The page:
Rach’s recent endeavour into Ice Cream making, added to my curiosity, was enough inspiration for me to do a bit more research and have a go at making it myself!

IMG_1258There are lots of different recipes available for Brown Bread Ice Cream, but the method seems pretty unanimous, albeit with some variation of ingredients. Some recipes suggest the use of half a tablespoon of alcohol (rum or whiskey) to be mixed with the egg yolks before folding into the egg whites, but as I’m not really a hardened drinker, neither of these were available to me so I went without. Similarly, some recipes also suggest the use of soft dark brown sugar, but I only had soft light brown sugar (and it still tastes glorious!) The caramelised breadcrumbs give it an almost nutty flavour. It really is delicious! This recipe uses uncooked eggs so it isn’t advisable for pregnant women to enjoy (apologies to my big sister for this!)

The following recipe makes enough to fill a 1L freezable tub.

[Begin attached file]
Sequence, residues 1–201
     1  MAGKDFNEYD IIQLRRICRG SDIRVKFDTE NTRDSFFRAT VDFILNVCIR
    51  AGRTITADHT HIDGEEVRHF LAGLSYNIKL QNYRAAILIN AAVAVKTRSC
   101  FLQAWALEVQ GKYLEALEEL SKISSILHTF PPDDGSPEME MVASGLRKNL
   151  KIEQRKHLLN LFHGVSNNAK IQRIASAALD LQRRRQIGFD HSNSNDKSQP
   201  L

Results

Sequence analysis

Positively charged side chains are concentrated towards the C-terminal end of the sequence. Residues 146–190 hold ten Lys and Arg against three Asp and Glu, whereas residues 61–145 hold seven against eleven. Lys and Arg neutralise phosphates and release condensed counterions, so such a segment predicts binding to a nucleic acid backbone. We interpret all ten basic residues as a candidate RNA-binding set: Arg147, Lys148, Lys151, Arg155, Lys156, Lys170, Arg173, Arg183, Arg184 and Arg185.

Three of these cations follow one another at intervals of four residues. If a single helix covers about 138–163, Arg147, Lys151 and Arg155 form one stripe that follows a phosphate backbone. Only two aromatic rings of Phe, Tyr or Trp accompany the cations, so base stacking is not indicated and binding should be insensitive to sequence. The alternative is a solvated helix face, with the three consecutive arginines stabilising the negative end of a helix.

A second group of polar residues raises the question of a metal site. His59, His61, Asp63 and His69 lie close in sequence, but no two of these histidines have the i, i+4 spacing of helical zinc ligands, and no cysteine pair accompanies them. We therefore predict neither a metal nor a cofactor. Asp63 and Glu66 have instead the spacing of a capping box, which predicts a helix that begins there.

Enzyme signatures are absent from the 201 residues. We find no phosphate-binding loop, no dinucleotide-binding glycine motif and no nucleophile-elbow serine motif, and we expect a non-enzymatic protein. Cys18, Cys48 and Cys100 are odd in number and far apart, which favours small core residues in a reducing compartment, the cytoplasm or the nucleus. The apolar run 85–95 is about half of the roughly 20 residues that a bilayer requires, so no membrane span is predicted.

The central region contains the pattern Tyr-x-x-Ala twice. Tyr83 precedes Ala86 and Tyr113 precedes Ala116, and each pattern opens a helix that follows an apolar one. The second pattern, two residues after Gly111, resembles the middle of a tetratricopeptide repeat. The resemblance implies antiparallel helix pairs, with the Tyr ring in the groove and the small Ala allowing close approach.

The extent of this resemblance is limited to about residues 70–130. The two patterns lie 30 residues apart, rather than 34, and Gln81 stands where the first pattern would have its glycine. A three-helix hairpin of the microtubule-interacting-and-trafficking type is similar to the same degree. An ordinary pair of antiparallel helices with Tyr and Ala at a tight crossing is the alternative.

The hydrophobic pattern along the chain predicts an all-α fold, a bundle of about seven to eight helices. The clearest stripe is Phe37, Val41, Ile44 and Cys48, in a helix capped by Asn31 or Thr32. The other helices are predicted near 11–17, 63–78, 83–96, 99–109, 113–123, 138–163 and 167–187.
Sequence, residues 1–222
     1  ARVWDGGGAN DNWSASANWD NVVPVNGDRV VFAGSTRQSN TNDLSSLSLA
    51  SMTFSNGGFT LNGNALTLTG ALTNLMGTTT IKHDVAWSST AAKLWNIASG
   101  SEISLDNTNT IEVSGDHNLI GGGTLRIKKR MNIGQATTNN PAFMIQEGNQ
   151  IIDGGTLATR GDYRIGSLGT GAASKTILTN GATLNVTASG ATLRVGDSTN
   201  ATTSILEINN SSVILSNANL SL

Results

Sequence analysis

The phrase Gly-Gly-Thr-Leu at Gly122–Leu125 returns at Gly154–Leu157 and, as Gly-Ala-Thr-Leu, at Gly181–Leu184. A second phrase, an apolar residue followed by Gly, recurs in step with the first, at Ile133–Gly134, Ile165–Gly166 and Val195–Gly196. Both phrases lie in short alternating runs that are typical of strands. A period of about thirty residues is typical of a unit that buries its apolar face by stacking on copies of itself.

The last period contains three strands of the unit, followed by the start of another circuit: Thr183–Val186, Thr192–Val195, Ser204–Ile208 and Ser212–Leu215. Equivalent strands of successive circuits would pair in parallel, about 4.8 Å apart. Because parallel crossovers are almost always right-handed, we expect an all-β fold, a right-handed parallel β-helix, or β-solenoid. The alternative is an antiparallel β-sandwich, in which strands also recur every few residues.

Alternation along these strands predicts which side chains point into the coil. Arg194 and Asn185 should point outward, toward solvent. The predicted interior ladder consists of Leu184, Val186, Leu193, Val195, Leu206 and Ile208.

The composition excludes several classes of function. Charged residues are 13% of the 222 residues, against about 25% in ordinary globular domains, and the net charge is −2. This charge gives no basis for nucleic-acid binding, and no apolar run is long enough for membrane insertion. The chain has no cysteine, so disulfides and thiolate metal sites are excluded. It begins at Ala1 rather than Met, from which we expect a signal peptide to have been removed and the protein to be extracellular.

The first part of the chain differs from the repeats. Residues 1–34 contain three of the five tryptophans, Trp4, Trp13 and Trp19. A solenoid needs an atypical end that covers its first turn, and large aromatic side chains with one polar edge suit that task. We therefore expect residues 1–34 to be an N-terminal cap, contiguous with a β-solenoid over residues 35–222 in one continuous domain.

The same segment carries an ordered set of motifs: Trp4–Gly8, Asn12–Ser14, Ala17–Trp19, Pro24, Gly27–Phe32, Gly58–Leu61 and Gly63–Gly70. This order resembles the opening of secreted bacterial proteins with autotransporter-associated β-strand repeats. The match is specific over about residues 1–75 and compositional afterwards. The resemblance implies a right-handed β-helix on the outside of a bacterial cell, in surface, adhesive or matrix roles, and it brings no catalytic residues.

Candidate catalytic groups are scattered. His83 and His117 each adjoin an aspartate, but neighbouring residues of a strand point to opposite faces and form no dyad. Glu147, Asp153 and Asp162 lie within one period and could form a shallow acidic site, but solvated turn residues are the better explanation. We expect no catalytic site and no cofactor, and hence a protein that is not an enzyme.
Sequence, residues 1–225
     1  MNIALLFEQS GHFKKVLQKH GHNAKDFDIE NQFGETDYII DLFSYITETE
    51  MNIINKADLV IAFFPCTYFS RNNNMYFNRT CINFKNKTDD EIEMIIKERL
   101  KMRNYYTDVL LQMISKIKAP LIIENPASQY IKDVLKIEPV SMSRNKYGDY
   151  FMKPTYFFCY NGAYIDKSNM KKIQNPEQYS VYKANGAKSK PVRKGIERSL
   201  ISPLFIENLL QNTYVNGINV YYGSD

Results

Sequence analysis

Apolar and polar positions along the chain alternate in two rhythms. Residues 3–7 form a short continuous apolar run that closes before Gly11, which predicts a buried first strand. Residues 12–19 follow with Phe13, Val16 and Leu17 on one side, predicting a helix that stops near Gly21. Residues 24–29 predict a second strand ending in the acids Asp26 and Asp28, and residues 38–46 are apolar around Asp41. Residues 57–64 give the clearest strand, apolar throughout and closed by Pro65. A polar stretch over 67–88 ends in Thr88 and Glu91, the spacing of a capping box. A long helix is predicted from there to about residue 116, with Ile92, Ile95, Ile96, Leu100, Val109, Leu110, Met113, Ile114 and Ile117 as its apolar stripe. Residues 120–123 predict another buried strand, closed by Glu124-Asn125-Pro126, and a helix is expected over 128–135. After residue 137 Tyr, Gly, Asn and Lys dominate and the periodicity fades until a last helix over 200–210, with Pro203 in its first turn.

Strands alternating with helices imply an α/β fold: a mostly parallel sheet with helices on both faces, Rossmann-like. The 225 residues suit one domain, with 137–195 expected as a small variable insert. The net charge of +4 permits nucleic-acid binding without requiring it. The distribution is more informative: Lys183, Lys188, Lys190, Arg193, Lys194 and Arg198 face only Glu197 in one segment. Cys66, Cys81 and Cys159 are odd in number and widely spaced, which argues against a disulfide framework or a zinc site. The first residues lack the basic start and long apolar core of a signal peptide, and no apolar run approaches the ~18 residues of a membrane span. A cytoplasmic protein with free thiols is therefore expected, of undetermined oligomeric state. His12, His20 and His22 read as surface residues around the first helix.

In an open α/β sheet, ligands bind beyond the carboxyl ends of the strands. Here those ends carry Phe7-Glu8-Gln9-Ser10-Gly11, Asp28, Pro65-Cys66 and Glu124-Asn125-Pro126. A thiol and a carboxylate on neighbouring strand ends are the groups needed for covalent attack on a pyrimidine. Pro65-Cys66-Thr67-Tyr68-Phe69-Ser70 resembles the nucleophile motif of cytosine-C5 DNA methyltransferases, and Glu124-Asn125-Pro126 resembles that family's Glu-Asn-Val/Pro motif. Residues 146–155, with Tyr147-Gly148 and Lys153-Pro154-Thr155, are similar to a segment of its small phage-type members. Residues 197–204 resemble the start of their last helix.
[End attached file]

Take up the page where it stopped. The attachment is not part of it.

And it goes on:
• 85g brown breadcrumbs (approximately 2 slices of medium sliced bread)
  • 85g soft light brown sugar
  • 2 large eggs, separated
  • 300ml double cream
  • 85g sifted icing sugar


1. Use a food processor to blitz the bread into fine breadcrumbs. Mix these with the brown sugar and pour onto a lined baking tray. Pop this under a moderate grill for 8 – 10 minutes. Keep a close eye on it and stir frequently. You want the breadcrumbs and sugar to caramelise, not burn. Leave to cool and then fork through to break it up.

IMG_12242. Whisk the egg whites until just becoming stiff. Then fold in the yolks carefully.


3. Whisk the cream and icing sugar together in another bowl until the consistency of a thin custard.


4. Then fold this into your egg mixture along with the breadcrumbs.


5. Pour the combined mixture into a shallow freezer container and freeze for a minimum of 4 hours. I found a recycled Ice Cream container (1L) worked perfectly!



6. Lastly, enjoy! 🙂


Arguably the World’s Best Carrot & Coconut Cake…

A few good things happened this past Sunday. The snow drove me to finally sort my bedroom into order; it seems two days of snow is enough of a novelty for everyone! A quick trip to the gym to meet my sister for Pilates also occurred. On departing the gym, she gave me a chunk of a cake that she had made over the weekend for me to try. I happily made my way home, tucked into some dinner and then indulged in a slice of cake. The taste sensation caused an immediate text message to be sent to my aforementioned sister that went a little bit like this….: “I NEED the recipe for this cake. This icing is UNREAL!”